A Cacophony of Complaint

TRB

November 05, 1993|By TRB

Washington. -- Forty percent of Americans will pay more for health insurance under President Clinton's reform plan. Scare stories to this effect dominated the news over Halloween weekend. Opposition ghouls gleefully pounced on these figures as proving the Clinton plan to be fatally flawed.

The fuss is ridiculous, for two reasons. First, virtually all Americans will pay more for health insurance under Mr. Clinton's reform, other reforms, or no reform.

Nothing will stop the inexorable rise of health-care costs; the best hope is to slow that rise.

Second, the particular reason the Clinton reform will raise some people's insurance costs is that it requires insurance companies to take all comers at non-discriminatory rates. Right now insurers are free to refuse bad risks or charge them a lot more. Obviously, if the companies are henceforth required to ''pool'' the bad-risk customers with good-risk customers, those good risks -- the young and healthy -- will have to pay more.

But every health-care plan now circulating on Capitol Hill contains a similar insurance reform. Indeed, insurance non-discrimination is even more central to the various Republican alternatives than it is to the president's plan, since they leave out so much else. All these rival plans would also raise insurance rates for the young and healthy. (Even a

Canadian-style single-payer plan does this in effect.)

Did someone say ''change''? Change, far from being what everyone wants, is virtually impossible in our political culture. Whose fault is this? I blame Robert Pear of the New York Times. Mr. Pear, who covers health care, is a legendarily scrupulous reporter. But his stories of recent weeks, since Mr. Clinton's big health-care speech, form a pageant of political paralysis.

Consider. September 30: ''AMA Rebels Over Health Plan.'' October 11: ''Clinton Care Plan May Cut Benefits to Some Children.'' October 18: ''Heads of HMOs Have Concerns on Health Plan.'' October 20: ''Local Governments May Pay More in Health Plan.'' October 21: ''Business Group Assails Scope and Cost of Clinton Health Plan.'' October 24: ''Influential Group Says Health Plan Slights the Aged.'' And so on.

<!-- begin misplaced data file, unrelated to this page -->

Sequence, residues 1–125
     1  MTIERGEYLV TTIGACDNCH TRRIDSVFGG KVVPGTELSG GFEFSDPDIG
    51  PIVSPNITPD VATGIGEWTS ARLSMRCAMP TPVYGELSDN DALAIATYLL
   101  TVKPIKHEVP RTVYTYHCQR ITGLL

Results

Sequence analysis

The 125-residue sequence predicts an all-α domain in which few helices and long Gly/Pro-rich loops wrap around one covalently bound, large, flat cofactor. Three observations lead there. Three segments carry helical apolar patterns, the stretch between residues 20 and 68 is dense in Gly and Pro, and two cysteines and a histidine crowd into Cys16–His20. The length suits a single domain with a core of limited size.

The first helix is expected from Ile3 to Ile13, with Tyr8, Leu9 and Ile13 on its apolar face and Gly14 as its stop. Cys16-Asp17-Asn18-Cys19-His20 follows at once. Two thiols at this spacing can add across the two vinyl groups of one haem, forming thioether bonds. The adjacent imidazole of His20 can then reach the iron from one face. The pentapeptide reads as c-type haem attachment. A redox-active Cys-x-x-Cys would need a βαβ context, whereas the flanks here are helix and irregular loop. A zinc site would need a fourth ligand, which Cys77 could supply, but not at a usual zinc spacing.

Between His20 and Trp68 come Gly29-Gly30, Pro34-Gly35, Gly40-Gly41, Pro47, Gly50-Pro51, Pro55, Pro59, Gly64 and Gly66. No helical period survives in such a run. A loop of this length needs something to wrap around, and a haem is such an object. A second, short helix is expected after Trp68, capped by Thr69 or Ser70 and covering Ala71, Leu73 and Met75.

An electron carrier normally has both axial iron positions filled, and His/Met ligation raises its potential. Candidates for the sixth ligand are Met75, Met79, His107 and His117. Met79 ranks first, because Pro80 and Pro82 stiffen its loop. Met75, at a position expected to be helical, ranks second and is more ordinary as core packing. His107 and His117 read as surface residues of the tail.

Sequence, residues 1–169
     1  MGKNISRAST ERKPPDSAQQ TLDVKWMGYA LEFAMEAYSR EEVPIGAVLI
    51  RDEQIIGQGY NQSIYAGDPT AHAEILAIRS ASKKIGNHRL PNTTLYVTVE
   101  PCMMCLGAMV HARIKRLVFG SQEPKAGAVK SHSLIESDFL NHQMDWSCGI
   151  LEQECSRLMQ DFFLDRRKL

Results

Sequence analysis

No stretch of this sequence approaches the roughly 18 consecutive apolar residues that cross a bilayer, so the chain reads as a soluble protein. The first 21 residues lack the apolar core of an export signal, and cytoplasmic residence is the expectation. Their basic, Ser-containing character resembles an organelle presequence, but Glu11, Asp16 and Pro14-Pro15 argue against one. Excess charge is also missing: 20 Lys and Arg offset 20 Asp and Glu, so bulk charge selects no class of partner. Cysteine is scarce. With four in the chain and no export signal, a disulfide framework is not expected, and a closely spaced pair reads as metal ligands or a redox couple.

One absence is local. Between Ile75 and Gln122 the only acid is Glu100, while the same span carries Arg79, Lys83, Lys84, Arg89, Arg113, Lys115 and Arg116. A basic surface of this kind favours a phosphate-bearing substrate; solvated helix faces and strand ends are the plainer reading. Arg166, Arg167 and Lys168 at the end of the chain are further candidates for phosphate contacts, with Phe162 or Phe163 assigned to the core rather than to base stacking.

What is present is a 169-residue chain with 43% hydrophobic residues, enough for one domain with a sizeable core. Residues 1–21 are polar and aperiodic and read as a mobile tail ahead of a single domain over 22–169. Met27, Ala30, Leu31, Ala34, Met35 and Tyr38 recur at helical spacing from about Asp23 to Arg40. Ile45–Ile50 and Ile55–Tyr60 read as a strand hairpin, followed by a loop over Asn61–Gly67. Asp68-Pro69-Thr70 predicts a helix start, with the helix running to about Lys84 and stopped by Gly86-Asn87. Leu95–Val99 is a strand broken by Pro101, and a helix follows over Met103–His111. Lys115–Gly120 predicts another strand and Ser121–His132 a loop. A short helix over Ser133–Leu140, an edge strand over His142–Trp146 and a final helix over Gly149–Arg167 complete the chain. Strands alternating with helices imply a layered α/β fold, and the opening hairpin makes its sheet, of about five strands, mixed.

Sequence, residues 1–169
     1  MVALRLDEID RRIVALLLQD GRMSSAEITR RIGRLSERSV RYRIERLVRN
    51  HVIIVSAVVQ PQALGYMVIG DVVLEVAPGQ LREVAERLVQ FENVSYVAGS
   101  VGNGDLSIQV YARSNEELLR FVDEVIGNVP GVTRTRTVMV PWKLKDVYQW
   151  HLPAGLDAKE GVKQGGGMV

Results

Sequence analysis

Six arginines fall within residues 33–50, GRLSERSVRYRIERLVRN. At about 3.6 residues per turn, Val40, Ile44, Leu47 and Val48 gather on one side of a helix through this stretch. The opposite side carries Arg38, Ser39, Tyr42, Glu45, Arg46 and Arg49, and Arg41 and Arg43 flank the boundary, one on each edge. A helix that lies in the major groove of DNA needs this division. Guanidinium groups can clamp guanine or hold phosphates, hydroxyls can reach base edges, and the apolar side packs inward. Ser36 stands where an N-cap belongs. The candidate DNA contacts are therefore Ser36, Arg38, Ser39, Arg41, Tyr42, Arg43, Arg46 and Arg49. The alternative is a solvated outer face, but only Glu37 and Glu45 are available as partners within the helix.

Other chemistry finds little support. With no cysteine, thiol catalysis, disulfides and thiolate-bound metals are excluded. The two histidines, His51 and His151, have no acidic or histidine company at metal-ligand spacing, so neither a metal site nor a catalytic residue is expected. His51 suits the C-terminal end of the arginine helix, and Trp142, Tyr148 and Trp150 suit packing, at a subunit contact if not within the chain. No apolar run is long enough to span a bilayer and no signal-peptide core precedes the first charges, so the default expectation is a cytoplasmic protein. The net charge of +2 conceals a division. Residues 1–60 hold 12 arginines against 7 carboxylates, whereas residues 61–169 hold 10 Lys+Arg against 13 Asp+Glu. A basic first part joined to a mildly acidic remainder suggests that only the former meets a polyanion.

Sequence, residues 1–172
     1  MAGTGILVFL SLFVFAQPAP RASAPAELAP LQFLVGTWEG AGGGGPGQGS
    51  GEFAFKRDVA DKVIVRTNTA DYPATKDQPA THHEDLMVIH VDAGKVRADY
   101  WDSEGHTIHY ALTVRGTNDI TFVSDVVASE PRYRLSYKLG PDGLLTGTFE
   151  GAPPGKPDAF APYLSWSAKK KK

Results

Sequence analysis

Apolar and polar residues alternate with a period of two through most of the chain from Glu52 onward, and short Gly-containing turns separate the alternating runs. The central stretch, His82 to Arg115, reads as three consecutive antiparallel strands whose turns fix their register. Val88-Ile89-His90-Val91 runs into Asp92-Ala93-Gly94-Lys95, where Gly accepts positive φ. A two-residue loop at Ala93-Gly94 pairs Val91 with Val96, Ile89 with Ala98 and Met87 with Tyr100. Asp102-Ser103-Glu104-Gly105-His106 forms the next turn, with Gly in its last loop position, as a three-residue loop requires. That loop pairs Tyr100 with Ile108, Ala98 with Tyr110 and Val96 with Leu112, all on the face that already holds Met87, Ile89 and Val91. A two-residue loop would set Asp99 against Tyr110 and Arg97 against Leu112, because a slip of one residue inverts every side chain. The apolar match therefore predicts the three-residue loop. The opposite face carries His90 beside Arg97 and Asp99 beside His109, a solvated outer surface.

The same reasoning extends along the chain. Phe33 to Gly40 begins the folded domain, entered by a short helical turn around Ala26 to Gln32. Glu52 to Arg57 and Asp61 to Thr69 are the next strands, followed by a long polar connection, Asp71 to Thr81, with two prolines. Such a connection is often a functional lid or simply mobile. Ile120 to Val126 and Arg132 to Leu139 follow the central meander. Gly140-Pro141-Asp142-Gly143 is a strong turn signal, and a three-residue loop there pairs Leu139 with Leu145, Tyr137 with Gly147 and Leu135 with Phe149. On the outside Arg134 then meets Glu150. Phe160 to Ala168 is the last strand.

Criticism of Mr. Clinton's plan is perfectly legitimate and some criticisms may even be valid. But this cacophony of complaint illustrates the challenge faced by any major social reform. First, many of the complaints are contradictory. Youth advocates complain that the plan favors the elderly, while the elderly complain that the plan discriminates against them. While conservatives charge a ''federal takeover'' of health care, HMO administrators object to regulation by 50 different states' agencies.

The AMA objects to a ''bias toward managed care,'' while the HMO types -- who ought to be pleased by this -- worry ''about their ability to handle a surge in membership.'' As a sop to the elderly, the Clintonites kept Medicare as a separate program; elderly lobbyists now complain that the standard package for the non-elderly includes some benefits not in Medicare. Meanwhile children's advocates complain that merging Medicaid into the larger system will reduce some benefits -- not for the poor, but for the near-poor.

If I were President Clinton, I would cut a deal in a hurry. I would invite Senators John Chaffee and Bob Dole, co-sponsors of the most palatable Republican plan, and Rep. Jim Cooper, who's pushing a self-described ''Clinton-lite'' bipartisan alternative, up to Camp David for a weekend, and settle this. (OK, Hillary can come, too.) Because the longer Bob Pear and his ilk are allowed to roam the landscape kicking interest groups until they bark, the more it will seem as if Mr. Clinton's reform plan is full of terrible disadvantages that rival plans somehow magically avoid.

Mr. Clinton might be reluctant to make a quick compromise on health care because the current take on him is that he's a trimmer. ''One of the enduring questions,'' writes the magisterial R.W. Apple of the Times, ''is whether Mr. Clinton has specific policy goals in which he is willing to invest his political capital.'' In fact, that is only this month's question. Six months ago the question was whether Mr. Clinton was proving to be a hardened left-wing ideologue whose refusal to compromise betrayed his promise to be a ''new Democrat.'' He cannot win this game. So why play it?

Some form of health-care reform is pretty sure to pass. The political danger to the president is that he won't get the credit. Ronald Reagan managed to get the lion's share of credit for the 1986 tax reform, even though it originated in a revolt against his earlier tax bills.

Mr. Clinton put health-care reform onto the national agenda. But for his victory last year, Republicans would have been content to let the problem fester. Whatever emerges will be the biggest expansion of the welfare state in decades. Yet there is some risk that, after a year or more of potshots, the GOP will present the ultimate product as a defeat for the president and a victory for conservatives who saved the country from Clintonite big-government socialism.

Cut a deal, Mr. President. Quick. Before Robert Pear strikes again.

TRB is a column of The New Republic, written by Michael Kinsley.

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